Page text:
Sat
20
Jan

Tight hip flexors can cause misalignment, pain


Contributed Photo Sarah Smith, licensed athletic trainer with ThedaCare Orthopedic Care in Shawano, shows a student athlete how to use a foam roller and runner’s stick to release muscle shortness and tightness, a condition that can lead to overall body misalignment and pain.

Hip flexors are a broad term for the group of muscles that connects your legs and the trunk of your body together in a flexing movement. Just as their name implies, they are the muscles that flex your hip joint. We are also learning more about the role hip flexors play in a person’s posture and overall musculoskeletal alignment, especially if one spends most of the day in a sitting position at a desk or computer.

Take a moment and look back just a generation or two ago. Our parents and grandparents spent a much higher percentage of their day in active and upright motion, whether it was working on the farm, running a printing press, or growing food in the family’s vegetable garden.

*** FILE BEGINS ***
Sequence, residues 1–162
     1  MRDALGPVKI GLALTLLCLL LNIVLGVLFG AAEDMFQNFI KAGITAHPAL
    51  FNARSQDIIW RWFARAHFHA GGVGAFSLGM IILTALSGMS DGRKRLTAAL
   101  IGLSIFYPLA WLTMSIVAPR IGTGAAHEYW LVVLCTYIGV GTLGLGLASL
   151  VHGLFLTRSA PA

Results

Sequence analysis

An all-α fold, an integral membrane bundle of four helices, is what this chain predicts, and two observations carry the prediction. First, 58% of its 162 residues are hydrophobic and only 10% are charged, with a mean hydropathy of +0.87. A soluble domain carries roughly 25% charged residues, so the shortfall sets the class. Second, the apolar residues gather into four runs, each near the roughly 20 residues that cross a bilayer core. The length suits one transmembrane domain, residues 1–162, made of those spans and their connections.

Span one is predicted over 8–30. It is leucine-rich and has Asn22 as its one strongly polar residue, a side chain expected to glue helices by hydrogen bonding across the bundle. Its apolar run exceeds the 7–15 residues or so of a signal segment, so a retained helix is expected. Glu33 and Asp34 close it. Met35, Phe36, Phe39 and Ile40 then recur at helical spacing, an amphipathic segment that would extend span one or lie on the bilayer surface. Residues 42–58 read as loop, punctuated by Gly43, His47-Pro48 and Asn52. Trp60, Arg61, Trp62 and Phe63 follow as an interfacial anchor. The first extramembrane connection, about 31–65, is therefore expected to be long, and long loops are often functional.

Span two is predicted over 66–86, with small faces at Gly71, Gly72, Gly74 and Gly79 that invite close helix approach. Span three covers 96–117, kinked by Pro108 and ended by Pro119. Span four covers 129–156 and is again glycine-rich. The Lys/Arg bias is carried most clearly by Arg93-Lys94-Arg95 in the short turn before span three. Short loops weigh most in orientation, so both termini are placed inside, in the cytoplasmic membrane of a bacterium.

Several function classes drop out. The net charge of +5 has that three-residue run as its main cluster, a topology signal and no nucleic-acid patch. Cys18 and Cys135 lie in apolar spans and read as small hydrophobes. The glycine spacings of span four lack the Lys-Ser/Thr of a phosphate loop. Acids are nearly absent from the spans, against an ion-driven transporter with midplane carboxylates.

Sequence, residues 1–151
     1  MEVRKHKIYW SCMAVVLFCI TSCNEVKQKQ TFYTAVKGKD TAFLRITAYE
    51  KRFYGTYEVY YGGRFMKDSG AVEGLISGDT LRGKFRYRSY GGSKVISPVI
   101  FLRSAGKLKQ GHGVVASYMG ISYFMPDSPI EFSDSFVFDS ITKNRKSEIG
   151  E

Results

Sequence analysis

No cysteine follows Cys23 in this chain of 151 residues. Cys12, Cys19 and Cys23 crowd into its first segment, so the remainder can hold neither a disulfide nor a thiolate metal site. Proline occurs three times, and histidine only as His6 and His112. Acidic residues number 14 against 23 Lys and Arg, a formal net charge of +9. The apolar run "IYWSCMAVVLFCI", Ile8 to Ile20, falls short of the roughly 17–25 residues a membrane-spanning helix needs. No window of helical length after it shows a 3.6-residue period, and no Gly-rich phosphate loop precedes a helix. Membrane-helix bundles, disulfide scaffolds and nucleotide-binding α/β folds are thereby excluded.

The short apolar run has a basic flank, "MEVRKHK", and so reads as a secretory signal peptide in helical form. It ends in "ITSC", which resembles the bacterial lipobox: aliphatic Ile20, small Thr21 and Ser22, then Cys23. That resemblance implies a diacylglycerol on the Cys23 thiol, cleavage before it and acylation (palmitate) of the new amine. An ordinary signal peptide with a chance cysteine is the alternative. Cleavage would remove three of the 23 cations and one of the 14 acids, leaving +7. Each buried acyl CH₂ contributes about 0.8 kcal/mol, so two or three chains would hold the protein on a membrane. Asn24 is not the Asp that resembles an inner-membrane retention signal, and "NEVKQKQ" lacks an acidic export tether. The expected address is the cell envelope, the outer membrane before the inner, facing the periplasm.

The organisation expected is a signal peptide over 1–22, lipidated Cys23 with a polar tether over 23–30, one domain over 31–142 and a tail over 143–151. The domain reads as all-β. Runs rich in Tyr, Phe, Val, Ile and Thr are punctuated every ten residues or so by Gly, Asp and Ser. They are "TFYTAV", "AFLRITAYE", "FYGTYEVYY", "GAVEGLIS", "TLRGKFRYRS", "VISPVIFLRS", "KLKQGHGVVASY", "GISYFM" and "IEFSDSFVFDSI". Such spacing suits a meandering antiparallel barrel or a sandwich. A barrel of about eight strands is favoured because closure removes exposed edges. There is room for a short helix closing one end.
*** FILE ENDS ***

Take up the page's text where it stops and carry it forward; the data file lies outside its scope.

Today, the nature of work (and leisure) has changed dramatically, and we no longer find ourselves outside playing football on the weekend as much as we engage with our online fantasy football team from the comfort of the couch.

Sat
13
Jan

Try to determine what the cardinal is telling you

The other day, I was sitting in my dining room talking on my cell phone with a friend, Judy Judd. We were visiting about a mutual friend who recently passed away. As we were talking, a beautiful red cardinal appeared and landed in full view in my apple tree.

The belief that cardinals are messengers from someone who has passed exists across many cultures and beliefs.

There is a difference between symbolic signs and superstitions. Although they both relate to supernatural powers, a superstition is absolute and does not leave room for personal interpretation or circumstances. An example of a superstition: if a blackbird flies into your house, it is a sign of an impending death.